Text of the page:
Monday, May 27, 2013

A Letter To Mark di Suvero


A Letter to Mark di Suvero

Dear Mark di Suvero,

Time has a way of fermenting percolating deepening.  I have not forgotten your visit to San Francisco.  I have not forgotten.  Not because you are famed.  I have not forgotten because as a dancer, it was a brilliant and extraordinary experience among your art works.

Living in San Francisco is like a dream at times so incredibly beautiful.  Some times it’s rather like a place where dreams manifest. This dream I didn’t create but I played role of a dancer in it in 2013.  Acknowledgements on the go, to the risk taking museum, the open air expansiveness of SFMOMA on the go, busting out with your steel sculptures in the wild beauty of the bay at Crissy Field. There is whole book writing itself left for another day.  It will require the well-versed in language of justice.  For now put simply, applause, for the impressive and the well done.

It was wonderful attend your event at SFJazz center for poetry reading, a great evening that cost only $10.  I don’t know who selected the poets, the concept of them was by far more pleasurable than some of their descriptives.  There was one older man who had the juice extracted and he was sterling.  I was relieved to find your compassionate philosophy.  

After the function, I stealthily hopped up on stage, waiting my turn in the queue for a chance to exchange a few words.  Myself, being a nobody made a few people nervous.  Patiently I inched toward an exchange hoping you wouldn’t be exited away before my turn came.  And it was my turn. 

I told you I had been spending time with your pieces at Crissy Field.  You asked if I had viewed them from the ground looking up.  To your amazement, I said "I’ve been dancing with them".  You invited me to come dance at Socrates Park in New York.  I said I will.  I told you I wanted to send you a record of some of our dance performance at Crissy Field. You gave me Socrates Park address.  This made some of the people nervous too. I didn’t expect much, just enthusiastic. I sent a note with short dance films and poetry.  It was returned to sender.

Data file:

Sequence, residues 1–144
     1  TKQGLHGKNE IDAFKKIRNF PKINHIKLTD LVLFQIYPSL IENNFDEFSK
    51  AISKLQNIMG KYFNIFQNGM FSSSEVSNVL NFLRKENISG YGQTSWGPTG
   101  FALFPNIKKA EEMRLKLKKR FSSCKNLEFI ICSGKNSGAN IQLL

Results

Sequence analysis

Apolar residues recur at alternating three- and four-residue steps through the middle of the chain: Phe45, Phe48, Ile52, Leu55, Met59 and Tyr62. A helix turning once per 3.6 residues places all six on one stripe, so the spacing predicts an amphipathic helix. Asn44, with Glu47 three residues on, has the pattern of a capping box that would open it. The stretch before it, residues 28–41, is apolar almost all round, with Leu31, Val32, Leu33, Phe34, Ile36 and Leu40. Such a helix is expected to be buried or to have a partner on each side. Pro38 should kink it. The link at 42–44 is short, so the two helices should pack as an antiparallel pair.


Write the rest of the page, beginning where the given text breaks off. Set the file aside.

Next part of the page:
Art made and being made is important.  This event continues to further outgrowths of production. EVAWAVE (2015) and COMPASSIONS (2018), and in 2017, a nine foot installation was born called MotherPeace/MotherWar.  It premiered in 2018 and continues to grow. 
Documenting this formative inspiration is important.  It allows artists and non-artists a perspective of relationship, layers of dance art performance.  It brings into focus the important element of time.


This is the record of my experience.

I missed the weighty machinery installment of each enormous sculpture.  It was easy to track when I danced, favorable spots flattened earth where new grass was not quite growing.

At first when I walked among your sculptures it felt like an illicit viewing—strange. There was tension in the air from the metal.  Some residents living were cramped by the new idea of this show. But that day was the breaking of invisible chains into dance that lead others to follow.  A few furtive glances, then running free down the perfectly compact dirt sand path, danced on through to the other side. Several strange people playfully skipped along with me.  The national parks were shut down, because our republican politicians were playing some kind of stupid hard ball about something that nobody can remember except that they could shut down the government for spite for many days… government functions were shut down and off limits, including national parks like Crissy Field.